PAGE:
It is an awfully hot Friday. The scotching sun has gone terribly wild. The nauseating dry haze has arrested the rolling hills of Gisozi, a suburban neighborhood of Rwanda’s Capital City, Kigali.

People on the street are sweaty, thirsty, but enthusiastically up and running. The noise pollution from a busy carpentry workshop is too irritating.

A nearby primary school is under siege. First, the temperature in classrooms is disturbingly high.

Magnifique Uwase’s classroom is heating-up like a Japanese Jacuzzi. Students are sweating, tired and hungry, but tenacious. Something powerful is holding them up. Passion.

Uwase, the 11-years old light-skinned skinny girl is a perfect reflection of that passion. She is the most nagging in her class. “Please, please….please teacher,” she repeatedly calls the teacher to come and explain a computerized mathematical task.

Each student has a laptop from which they learn how to solve mathematical tasks, such as geometry. They draw mathematical figures, such as squares, triangles and circles.

The class setting is epic; in a U-shape arrangement and intensely interactive. The teacher literary forces students out for lunch.

For teachers, this is a humble begging of developing brains that might end up in Silicon Valley. The difference is, though, “it’s just the begging of grasping the tech-world from scratch,” says Sandrine Mukakagina, Uwase’s Mathematics and Computer teacher.

The beginning

Sometime in 2005, Prof. Nicholas Negroponte, presented a to a UN-sponsored World Summit on the Information Society in Tunis, Tunisia, a project called One Laptop Per Child of which he is the founder and chairperson.

Rwanda’s President Paul Kagame had attended the summit. Kagame was fascinated and thought it was such a great idea to explore.

Guided by Rwanda’s development blueprint of transforming the country into a knowledge based middle class economy, his cabinet approved a pilot to distribute 10,000 laptops around the country.

If the pilot became successful, the cabinet agreed, the country would order for more laptops. Eventually, the pilot over performed marking the beginning of Rwanda’s pursuit for advanced technologies.

Rwanda decided, “The principal…is to provide every student with the opportunity to have a personal computer or at least to share the computer with a few other students,” says Prof. Lwakabamba, the minister of education.

“We believe that this will ensure every student in Rwanda has the opportunity to be equipped with computer skills,” he adds.

Nkubito Bakuramutsa, the national coordinator the OLPC Project, says, “We are preparing Rwandan kids for critical thinking, opportunity to innovate and later to create.”

Rwanda is a landlocked country with barely no natural resources. “Only quality education would rescue Rwanda,” says Bakuramutsa, the coordinator of the project. “And we mean, education that focuses on promotion of science and technology, critical thinking and positive values.”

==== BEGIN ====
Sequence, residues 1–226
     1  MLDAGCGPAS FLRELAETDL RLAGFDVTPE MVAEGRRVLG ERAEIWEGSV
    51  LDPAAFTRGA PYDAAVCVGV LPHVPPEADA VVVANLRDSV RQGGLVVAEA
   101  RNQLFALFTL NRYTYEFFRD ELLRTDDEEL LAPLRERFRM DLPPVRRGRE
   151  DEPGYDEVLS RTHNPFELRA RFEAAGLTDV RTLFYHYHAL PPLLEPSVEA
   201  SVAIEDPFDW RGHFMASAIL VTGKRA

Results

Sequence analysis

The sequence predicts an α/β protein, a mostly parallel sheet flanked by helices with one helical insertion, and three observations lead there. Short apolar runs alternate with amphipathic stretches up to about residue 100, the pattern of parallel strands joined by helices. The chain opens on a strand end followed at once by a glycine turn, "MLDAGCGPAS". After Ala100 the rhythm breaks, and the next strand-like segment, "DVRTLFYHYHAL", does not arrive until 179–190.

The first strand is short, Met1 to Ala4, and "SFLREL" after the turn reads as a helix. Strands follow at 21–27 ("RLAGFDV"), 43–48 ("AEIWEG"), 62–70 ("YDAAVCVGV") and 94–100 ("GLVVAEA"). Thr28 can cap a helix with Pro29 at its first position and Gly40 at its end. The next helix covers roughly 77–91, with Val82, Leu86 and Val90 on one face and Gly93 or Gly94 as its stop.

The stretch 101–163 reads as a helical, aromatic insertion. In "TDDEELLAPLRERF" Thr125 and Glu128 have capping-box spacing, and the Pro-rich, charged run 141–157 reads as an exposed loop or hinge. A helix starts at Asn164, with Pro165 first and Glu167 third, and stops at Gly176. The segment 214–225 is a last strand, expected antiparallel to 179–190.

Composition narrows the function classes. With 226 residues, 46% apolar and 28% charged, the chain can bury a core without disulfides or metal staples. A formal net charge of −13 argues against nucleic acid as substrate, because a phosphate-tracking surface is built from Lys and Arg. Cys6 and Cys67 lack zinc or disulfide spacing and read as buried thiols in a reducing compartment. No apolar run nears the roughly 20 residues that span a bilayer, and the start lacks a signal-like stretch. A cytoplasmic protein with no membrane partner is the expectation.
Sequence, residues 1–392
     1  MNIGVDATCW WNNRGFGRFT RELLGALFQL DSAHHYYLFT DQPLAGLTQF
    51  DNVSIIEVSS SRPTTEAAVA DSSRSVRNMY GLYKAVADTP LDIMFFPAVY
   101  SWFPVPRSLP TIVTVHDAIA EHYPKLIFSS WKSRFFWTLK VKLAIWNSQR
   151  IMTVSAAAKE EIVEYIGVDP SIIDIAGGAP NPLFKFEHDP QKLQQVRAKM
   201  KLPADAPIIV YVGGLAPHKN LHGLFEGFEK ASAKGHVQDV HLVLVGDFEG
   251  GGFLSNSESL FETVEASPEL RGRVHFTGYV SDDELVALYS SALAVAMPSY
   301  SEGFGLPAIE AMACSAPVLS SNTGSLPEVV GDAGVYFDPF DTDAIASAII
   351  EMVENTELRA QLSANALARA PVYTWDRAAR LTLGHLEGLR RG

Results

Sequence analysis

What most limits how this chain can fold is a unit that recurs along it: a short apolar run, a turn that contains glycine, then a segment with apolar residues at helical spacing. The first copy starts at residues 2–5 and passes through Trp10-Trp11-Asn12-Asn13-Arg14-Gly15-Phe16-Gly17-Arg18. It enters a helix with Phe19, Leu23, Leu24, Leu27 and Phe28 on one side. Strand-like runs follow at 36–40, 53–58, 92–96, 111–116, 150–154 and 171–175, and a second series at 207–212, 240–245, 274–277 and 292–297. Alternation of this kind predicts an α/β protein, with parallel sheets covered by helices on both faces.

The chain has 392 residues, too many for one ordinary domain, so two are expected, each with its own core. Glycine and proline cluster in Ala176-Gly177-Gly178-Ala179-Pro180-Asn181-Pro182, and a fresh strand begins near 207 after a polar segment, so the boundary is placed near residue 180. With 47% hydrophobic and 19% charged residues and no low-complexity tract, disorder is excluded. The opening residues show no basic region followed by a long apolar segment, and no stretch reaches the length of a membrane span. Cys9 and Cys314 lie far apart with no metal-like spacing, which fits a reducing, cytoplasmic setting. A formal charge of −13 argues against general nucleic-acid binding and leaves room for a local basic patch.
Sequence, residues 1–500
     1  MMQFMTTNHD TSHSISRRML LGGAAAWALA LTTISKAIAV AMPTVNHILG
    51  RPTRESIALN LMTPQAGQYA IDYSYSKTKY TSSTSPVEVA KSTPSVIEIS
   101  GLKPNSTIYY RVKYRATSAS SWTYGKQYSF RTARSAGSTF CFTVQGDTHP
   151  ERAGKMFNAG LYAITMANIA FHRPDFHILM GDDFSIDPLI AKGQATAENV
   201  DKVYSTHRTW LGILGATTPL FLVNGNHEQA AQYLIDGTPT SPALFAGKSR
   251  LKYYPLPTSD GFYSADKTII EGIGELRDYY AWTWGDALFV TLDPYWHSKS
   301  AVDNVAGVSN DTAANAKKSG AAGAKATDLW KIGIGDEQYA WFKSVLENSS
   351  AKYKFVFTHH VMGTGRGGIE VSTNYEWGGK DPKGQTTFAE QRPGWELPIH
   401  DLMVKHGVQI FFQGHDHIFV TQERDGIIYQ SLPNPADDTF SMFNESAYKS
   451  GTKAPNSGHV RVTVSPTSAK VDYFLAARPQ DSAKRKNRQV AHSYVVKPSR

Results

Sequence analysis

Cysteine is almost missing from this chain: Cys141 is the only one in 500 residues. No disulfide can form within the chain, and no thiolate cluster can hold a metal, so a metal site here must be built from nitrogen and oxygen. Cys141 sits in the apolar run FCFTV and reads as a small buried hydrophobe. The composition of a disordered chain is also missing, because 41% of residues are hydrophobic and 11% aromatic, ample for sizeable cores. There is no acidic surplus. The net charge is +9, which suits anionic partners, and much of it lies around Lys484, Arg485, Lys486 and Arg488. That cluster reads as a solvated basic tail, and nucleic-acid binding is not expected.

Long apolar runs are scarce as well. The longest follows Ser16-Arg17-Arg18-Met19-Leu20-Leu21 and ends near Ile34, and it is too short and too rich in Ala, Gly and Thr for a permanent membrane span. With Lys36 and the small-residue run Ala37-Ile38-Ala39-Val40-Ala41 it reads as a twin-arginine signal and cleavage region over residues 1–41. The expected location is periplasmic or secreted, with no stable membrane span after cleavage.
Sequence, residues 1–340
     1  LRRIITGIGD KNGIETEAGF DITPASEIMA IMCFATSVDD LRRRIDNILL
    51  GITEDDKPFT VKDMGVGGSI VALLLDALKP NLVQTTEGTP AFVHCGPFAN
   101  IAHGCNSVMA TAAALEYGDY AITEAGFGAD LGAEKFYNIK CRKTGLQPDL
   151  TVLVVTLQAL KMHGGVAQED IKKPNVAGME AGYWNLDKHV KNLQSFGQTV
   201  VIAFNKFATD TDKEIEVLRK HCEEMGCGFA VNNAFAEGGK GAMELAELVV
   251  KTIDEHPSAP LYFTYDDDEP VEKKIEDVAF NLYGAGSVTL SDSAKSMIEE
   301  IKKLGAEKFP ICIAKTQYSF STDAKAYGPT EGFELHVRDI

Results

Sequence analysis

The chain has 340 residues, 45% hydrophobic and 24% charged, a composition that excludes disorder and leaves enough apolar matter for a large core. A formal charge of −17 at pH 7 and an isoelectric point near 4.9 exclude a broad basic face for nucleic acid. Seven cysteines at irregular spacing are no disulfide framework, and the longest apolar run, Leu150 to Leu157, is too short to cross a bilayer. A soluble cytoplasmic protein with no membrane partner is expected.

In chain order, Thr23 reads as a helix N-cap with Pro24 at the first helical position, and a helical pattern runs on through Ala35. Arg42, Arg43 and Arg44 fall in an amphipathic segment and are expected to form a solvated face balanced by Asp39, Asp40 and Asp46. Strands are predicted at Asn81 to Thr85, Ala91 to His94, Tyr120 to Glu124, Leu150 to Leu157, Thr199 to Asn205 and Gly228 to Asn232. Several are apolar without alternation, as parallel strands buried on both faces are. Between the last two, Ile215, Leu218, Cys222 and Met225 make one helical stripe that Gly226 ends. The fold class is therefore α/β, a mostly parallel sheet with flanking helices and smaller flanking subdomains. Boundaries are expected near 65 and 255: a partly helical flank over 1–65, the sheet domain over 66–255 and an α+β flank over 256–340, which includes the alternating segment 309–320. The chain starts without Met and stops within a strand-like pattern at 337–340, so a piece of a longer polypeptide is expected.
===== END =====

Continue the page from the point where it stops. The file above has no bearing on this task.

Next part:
Country overwhelmed

Meanwhile, the country had no idea how daunting undertaking a project of such a magnitude would be.

First, teachers had not been trained to offer lessons using computers. An immediate solution was to hire IT-savvy teachers from Singapore Finland or California in the US.

Economically, the country was not in position to afford such an expensive venture.

In mind, however, says Prof. Lwakabamba, Rwanda figured it out that, “This project was inevitable, it was one of the key strategies to achieve the country’s [ICT] vision.”

President Kagame endorsed the project and took the lead, demanding for regular reports.

Ten years later, today, 204,000 laptops have been distributed in 407 schools around the country, making Rwanda the 3rd largest deployment in the world after Peru and Uruguay. Kenyan Members of parliament have visited Rwanda twice to learn how best they will implement a similar project.

Unique about Rwanda’s deployment is that, it also caters for the deaf and the mute students who are better equipped to learn using visual tools such as animations.

These gadgets, robotic and waterproof as they are, are graphic rich and designed for both urban and rural environment.

The second challenge the project needed to address immediately was connectivity to the internet and electricity. Schools with no electricity are still waiting to be connected to the national grid.

Those with electricity were provided with content hosted on servers. At the moment, 200 schools are connected to a server, a wireless local area access point, and digital content including, eBooks, math, science and English courses.

The server is also equipped with a school management and information system with security features to track laptops.

Society shock

Meanwhile, with all the political blessing and support from national institutions, the project caught the society off guard.

Barely no teacher was prepared to use a computer as a teaching tool. “It was a disaster,” says Bakuramutsa. Yet, teachers were a major component to the project implementation.

Some schools, all urban, were technologically ready.

“In fact, those few needed extra computers,” says Bakuramutsa. But those from the rural areas did not even want to see them. District education inspectors would find laptops still dumped somewhere in stores.

“They were resistive,” says Bakuramutsa. Some teachers had never seen computers before, he adds. “Those who had seen them had never used them.”